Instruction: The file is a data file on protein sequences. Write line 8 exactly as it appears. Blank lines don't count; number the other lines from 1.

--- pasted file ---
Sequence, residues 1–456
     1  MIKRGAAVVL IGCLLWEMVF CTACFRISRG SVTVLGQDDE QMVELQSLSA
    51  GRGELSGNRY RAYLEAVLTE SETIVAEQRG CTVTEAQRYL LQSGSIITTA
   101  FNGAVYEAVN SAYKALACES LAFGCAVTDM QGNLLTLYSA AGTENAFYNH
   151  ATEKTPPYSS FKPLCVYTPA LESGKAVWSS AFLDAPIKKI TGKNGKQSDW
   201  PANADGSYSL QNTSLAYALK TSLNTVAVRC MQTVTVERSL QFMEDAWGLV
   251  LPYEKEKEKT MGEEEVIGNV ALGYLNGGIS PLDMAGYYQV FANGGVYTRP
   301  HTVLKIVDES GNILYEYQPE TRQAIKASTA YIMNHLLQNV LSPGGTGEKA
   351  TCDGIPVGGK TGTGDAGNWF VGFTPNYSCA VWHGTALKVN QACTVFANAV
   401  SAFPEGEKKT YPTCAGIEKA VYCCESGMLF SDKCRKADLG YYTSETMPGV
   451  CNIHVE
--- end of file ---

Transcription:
   301  HTVLKIVDES GNILYEYQPE TRQAIKASTA YIMNHLLQNV LSPGGTGEKA